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ST. PAUL, Minn.—The Minnesota Department of Natural Resources (DNR) suspended some water appropriation permits in some parts of the state due to an extreme drought, according to the DNR. Some permits affected by the decision include Enbridge’s Line 3 construction project. Dust control water sources and hydrostatic testing and horizontal directional drilling water sources have been suspended on the Shell River, and others.

“The DNR has temporarily suspended surface water appropriations for some permittees in areas where flow conditions meet certain triggers,” said the Minnesota Department of Natural Resources in a statement. “These suspensions include Enbridge’s water appropriations for dust control, drilling and line testing in some locations, in response to low stream flow conditions.” 

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Enbridge is still authorized to appropriate water from some other surface water sources that are not located within watersheds experiencing low streamflow and from sources that do not affect surface water, according to the DNR’s website. 

Protests have picked up in recent weeks, with the amount of water permitted for construction being one of the focus areas of criticism for the controversial tar sands oil pipeline. On June 4, 2021, the DNR amended one of Enbridge’s permits to increase the authorized use of water from 500 million gallons to 5 billion gallons of water. Enbridge requested the increase after winter and spring construction required significantly more dewatering than was anticipated according to the DNR. 

With one of the worst droughts on record, opponents of Line 3 argue that the construction of the pipeline risks culturally important wild rice beds and will contribute to climate change.

When completed, Line 3 will carry 760,000 barrels of tar sands oil per day across 227 lakes and rivers. The emissions from the oil pipeline will eventually equal the emissions of 50 coal plants to the atmosphere. The pipeline also crosses ceded lands of the Red Lake Band of Chippewa and the White Earth Band of Ojibwe where members of the tribe reserved the rights to hunt, fish, and gather on ceded territory.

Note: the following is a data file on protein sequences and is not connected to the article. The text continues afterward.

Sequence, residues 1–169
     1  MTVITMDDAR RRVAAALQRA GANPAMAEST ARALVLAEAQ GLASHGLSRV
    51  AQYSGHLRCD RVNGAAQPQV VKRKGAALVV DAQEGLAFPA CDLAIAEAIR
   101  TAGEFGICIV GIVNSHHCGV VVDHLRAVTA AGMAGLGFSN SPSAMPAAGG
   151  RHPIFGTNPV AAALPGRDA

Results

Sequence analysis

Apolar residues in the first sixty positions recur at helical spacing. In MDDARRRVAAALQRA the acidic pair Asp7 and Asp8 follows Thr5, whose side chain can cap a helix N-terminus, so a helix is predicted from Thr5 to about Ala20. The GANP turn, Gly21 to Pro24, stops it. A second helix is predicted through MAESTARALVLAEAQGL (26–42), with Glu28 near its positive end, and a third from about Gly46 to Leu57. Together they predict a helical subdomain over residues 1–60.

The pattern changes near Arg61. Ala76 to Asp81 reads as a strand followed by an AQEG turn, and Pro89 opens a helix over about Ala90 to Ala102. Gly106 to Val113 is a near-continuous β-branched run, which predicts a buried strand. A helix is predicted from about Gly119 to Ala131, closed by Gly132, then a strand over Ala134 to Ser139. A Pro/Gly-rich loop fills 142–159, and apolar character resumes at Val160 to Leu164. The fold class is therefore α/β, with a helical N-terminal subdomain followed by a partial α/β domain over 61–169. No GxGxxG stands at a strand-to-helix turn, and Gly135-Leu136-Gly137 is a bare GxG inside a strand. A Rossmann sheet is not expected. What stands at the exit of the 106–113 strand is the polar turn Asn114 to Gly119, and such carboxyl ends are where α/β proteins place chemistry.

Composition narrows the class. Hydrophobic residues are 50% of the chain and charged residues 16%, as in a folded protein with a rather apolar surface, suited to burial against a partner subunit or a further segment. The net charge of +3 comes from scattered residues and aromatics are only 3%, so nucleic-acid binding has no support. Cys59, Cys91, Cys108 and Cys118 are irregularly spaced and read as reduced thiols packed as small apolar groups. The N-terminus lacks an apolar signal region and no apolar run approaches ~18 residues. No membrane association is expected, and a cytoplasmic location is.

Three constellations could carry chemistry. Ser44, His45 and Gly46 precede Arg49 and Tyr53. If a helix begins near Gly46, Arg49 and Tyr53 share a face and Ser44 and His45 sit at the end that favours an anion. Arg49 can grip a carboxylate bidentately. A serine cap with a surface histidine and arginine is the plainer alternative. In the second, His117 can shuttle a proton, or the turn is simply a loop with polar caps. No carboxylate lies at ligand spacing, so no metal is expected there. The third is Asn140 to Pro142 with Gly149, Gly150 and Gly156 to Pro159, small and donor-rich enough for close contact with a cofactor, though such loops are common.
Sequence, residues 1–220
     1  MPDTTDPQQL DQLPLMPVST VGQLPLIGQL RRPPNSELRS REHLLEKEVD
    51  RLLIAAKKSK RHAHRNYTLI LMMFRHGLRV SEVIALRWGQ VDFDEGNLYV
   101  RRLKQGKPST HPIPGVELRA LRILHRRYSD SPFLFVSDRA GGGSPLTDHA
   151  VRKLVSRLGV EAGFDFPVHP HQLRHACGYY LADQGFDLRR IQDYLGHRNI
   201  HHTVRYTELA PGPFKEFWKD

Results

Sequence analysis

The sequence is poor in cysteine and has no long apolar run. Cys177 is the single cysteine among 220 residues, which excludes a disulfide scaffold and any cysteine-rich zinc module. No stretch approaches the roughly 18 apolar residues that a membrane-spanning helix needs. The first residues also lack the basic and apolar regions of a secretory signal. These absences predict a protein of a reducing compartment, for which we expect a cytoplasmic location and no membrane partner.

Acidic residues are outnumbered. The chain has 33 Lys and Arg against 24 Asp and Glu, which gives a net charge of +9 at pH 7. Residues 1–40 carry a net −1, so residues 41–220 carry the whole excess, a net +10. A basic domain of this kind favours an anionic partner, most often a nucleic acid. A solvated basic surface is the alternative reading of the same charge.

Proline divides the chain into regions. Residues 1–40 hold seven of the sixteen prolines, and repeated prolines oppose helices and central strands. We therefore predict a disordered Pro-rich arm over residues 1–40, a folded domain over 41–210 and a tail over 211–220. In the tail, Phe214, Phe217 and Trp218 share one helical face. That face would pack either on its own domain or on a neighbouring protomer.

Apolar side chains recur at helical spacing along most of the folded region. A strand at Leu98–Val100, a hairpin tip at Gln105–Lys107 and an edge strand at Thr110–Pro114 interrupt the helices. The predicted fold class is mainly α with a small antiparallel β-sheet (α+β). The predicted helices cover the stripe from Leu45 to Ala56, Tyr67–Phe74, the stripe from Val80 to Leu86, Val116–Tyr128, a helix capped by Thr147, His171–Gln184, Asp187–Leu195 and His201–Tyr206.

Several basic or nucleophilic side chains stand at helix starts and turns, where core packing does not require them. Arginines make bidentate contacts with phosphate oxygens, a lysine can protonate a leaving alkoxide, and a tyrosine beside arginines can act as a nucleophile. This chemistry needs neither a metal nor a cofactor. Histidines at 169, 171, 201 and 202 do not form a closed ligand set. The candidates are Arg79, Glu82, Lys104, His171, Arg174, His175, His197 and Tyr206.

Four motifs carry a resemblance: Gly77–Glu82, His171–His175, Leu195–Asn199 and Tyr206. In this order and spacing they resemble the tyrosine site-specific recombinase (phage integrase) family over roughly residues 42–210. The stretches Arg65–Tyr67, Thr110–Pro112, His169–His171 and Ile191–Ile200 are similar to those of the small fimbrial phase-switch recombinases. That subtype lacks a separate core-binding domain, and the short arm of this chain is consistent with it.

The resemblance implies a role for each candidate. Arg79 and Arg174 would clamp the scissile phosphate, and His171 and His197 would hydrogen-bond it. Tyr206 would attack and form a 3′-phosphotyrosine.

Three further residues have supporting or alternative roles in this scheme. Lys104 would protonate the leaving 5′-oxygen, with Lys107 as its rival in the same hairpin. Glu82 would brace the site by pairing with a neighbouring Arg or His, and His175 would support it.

Last Friday, the White Earth Tribal Council hosted a press conference to raise concerns about the pipeline’s effects on water and wild rice, which is protected by treaties. In June, the Tribal Council sent a letter to Minn. Governor Tim Walz requesting Enbridge’s permit be suspended because the groundwater involved could possibly affect the wild rice beds.

According to Minnesota DNR Communication Director Gail Nosek, the DNR is taking the current statewide drought situation very seriously and has a monitoring and response plan in place. “Part of this plan is monitoring stream flow and lake levels and adjusting water appropriation permits as necessary,” Nosek said.

The pipeline’s construction is estimated at 60%, leaving the recent suspension on Enbridge’s permission to continue working as a positive message. At least one of the issues opponents is being honored—the extreme drought in northern Minnesota. For the last several weeks, opponents have been advocating for the State of Minnesota and President Biden to honor treaties to try to halt construction.  

On Wednesday, members of the White Earth Tribal Council participated in a rally inside the Minnesota State Capital asking Minnesota Governor Walz and Lt. Governor Peggy Flanagan to stop Line 3. Flanagan, a White Earth Tribal Member, has been outspoken against the pipeline but is facing pressure from tribal members and allies to oppose the pipeline. 

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About The Author
Author: Darren ThompsonEmail: This email address is being protected from spambots. You need JavaScript enabled to view it.
Darren Thompson (Lac du Flambeau Ojibwe) is a freelance journalist and based in the Twin Cities of Minnesota, where he also contributes to Unicorn Riot, an alternative media publication. Thompson has reported on political unrest, tribal sovereignty, and Indigenous issues for the Aboriginal Peoples Television Network, Indian Country Today, Native News Online, Powwows.com and Unicorn Riot. He has contributed to the New York Times, the Washington Post, and Voice of America on various Indigenous issues in international conversation. He has a bachelor’s degree in Criminology & Law Studies from Marquette University in Milwaukee, Wisconsin.